Temptress, a Luders 24 with a most distinctive color scheme, was the overall winner of the Castine Classic Regatta sailed last Thursday on Penobscot Bay. Courtesy of Castine Classic Yacht Race

Small boat leads small fleet in Castine Classic Regatta



CASTINE — The COVID-19 pandemic took a toll on the Castine Classic Yacht Race, reducing the fleet for the 21st annual edition of the event to just 13 yachts, down from 36 last year, according to race chairman David Bicks.

Racing last Thursday along a 19.6-nautical mile course down Penobscot Bay to Camden, the fleet left Castine in a light to moderate southwest breeze that, Bicks said, “ pretty much died” as the boats reached from Mouse Island to Robinson Rock, east of the finish line off Curtis Island at the mouth of Camden Harbor. Four boats withdrew before finishing what had become a drifter of a race, with most of the yachts taking some five hours to sail the course.

The exception was Outlier, launched last year by Brooklin Boat Yard as a boat that could win wherever it raced. With owner Harvey Jones at the helm, the lightweight, 55-foot Botin-designed sloop covered the 19.6-mile course in just over 2 hours 42 minutes to win the three-boat Spirit of Tradition class. Vortex, a 52-foot Knud Reimers design sailed by Brooklin Boat Yard owner Steve White, finished second in class, almost exactly two hours behind Outlier.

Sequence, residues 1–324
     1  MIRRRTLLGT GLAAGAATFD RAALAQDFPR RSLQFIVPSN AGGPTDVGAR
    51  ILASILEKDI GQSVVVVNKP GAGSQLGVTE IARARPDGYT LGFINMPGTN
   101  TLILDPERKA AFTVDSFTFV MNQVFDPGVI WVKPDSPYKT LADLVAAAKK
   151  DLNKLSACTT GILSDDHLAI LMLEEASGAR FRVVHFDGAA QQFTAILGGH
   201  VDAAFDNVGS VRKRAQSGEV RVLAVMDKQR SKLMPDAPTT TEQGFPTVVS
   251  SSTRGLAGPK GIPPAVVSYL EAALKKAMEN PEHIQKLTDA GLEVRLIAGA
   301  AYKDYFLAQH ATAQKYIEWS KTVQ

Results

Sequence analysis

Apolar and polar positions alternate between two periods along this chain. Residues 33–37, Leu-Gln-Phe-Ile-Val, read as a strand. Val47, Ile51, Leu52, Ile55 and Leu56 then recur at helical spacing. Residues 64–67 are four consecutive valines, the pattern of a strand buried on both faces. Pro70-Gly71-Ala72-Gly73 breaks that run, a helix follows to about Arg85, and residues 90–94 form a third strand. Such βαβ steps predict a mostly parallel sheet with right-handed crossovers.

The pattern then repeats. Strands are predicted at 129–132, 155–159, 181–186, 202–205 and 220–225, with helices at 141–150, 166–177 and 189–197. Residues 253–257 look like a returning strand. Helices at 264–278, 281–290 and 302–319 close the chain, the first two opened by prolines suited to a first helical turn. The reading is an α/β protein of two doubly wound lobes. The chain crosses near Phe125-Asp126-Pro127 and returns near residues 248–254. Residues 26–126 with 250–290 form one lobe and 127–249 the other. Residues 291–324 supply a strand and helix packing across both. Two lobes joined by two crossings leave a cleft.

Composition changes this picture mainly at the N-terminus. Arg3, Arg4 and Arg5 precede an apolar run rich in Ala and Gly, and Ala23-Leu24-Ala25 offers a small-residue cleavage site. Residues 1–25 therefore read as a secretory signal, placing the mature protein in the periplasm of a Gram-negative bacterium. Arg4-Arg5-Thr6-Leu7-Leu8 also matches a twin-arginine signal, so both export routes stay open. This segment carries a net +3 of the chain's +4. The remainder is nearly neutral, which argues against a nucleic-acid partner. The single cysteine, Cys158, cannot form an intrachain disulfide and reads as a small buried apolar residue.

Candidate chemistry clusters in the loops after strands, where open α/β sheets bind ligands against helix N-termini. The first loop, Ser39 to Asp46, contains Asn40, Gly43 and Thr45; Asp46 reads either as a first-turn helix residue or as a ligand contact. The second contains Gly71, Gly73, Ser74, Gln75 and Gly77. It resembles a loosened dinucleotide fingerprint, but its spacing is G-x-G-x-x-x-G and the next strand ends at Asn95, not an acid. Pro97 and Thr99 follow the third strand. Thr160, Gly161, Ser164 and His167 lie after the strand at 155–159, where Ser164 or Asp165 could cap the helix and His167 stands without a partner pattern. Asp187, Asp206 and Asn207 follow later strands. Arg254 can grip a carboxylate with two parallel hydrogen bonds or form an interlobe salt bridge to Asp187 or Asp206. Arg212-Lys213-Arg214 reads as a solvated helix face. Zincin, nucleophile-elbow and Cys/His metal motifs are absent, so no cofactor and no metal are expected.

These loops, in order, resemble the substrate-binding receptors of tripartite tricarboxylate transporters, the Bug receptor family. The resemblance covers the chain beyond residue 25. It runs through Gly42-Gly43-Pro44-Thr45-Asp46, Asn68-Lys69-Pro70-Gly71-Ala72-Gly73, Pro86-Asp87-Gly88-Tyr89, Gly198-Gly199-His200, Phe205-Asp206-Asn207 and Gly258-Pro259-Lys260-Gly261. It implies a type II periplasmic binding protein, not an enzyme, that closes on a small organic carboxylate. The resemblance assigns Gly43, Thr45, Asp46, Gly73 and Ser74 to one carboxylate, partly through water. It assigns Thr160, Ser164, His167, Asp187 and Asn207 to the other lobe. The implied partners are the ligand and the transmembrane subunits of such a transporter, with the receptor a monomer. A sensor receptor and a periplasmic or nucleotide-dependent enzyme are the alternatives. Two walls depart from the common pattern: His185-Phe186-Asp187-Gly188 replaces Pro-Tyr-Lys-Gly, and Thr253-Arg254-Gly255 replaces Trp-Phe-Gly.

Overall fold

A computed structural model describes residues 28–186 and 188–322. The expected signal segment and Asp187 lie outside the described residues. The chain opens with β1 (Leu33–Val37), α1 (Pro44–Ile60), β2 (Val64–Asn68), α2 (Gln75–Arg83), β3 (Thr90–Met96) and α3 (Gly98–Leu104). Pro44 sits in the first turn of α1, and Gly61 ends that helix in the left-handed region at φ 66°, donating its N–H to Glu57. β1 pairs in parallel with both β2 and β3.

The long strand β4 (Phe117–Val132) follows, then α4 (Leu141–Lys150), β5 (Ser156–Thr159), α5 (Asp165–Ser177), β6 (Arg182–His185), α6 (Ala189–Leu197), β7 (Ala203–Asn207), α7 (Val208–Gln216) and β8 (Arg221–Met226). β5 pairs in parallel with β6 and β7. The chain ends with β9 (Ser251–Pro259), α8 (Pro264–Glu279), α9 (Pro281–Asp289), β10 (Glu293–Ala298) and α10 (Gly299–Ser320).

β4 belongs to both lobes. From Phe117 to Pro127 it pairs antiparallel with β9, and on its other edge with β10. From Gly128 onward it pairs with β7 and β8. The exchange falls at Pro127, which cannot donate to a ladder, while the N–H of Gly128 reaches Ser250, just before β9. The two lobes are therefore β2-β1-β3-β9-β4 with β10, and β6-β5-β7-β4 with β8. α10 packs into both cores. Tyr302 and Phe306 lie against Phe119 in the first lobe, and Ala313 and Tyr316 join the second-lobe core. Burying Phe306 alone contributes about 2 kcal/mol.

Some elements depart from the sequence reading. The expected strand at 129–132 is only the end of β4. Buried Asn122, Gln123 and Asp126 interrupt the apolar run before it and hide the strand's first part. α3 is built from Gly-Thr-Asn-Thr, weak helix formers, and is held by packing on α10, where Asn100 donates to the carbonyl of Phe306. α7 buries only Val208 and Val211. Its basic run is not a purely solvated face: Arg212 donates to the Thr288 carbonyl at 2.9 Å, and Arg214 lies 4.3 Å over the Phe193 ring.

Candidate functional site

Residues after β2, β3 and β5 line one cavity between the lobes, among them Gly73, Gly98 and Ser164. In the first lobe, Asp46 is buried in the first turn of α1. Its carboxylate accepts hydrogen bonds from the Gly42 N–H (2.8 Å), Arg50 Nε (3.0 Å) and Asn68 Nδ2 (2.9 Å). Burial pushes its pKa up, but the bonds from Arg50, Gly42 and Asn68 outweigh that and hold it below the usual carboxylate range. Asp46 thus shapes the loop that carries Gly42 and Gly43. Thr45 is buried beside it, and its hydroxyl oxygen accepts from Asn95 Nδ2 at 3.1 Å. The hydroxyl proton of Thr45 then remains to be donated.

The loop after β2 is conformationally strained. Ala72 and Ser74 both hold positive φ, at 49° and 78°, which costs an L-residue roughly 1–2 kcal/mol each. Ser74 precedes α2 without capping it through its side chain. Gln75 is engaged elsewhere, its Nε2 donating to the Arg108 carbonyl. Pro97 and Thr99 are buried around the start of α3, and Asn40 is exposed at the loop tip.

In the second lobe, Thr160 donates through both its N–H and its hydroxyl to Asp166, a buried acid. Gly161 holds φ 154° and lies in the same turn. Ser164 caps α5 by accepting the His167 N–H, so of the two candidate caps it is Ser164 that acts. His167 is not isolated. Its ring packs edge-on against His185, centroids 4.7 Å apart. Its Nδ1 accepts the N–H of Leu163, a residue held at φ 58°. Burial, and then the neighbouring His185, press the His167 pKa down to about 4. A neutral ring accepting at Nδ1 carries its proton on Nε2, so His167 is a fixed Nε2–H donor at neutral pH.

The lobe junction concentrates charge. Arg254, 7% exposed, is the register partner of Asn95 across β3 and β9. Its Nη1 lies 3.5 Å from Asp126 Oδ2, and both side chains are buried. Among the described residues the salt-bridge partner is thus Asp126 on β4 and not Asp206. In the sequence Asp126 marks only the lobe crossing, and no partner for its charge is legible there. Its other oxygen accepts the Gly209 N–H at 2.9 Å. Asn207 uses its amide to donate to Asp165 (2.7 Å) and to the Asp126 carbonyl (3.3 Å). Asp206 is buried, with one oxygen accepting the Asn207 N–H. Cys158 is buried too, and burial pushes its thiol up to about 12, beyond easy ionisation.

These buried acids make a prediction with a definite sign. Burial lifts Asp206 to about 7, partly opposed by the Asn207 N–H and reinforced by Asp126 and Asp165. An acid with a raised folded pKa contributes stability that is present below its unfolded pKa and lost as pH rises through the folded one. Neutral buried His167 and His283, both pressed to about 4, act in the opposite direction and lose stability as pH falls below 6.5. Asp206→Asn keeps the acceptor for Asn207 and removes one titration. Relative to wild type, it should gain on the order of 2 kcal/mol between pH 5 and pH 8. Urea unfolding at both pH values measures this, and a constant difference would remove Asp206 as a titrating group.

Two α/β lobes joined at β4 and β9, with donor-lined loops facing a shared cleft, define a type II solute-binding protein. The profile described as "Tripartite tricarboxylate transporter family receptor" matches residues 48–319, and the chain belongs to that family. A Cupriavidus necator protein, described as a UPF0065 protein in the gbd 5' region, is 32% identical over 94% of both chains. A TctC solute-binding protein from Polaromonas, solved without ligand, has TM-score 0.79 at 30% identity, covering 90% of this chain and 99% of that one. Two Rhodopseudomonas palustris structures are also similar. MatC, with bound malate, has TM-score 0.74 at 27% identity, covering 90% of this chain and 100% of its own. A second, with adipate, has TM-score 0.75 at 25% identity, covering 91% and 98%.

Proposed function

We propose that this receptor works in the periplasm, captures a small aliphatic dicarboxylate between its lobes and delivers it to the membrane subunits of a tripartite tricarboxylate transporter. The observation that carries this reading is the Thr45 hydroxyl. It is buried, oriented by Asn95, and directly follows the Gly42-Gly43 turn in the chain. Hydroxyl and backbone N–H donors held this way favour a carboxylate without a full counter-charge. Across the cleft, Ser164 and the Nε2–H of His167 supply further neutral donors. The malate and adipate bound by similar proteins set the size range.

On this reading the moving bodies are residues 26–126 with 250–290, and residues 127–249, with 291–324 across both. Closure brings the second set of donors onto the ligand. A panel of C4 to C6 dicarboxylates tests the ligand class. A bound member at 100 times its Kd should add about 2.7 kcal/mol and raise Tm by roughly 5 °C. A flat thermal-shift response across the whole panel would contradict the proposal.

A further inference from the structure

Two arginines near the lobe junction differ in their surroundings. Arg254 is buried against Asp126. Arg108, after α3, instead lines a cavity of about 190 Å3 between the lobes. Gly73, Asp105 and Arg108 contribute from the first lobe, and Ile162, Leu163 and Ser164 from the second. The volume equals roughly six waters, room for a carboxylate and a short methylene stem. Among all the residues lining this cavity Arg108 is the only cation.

Ten boats started in the combined Classic A and Classic B fleets, four of which dropped out before the day was over.

Temptress, a Luders 24 (38 feet long overall) sailed by JB Turner of the Front Street Shipyard in Belfast, was the overall winner in the Classic fleet. Temptress edged out Falcon, a New York 32 sailed by Bob Scott of Castine on corrected time for class honors.

Both Temptress and Falcon are fast boats, but Thursday’s wind, or lack of it, slowed both to a crawl. Falcon completed the race in just under 4 hours, 49 minutes while Temptress spent just over 4 hours 54 minutes on the course. Temptress won by just over three minutes on corrected time and was the winner of the Ames Cup.

Presented each year, the Ames Cup honors the memory of Richard Glover Ames and Henry Russell Ames, who were lost at sea in 1935 south of the Grand Banks in an unsuccessful effort to rescue their father, who was washed overboard during the yacht race from Newport to Bergen, Norway. The Ames family hailed from Castine.

Stephen Rappaport

Stephen Rappaport

Waterfront Editor at The Ellsworth American
Stephen Rappaport has lived in Maine for nearly 30 years. A lifelong sailor, he spends as much time as possible messing about in boats. [email protected]

Leave a Reply

Your email address will not be published. Required fields are marked *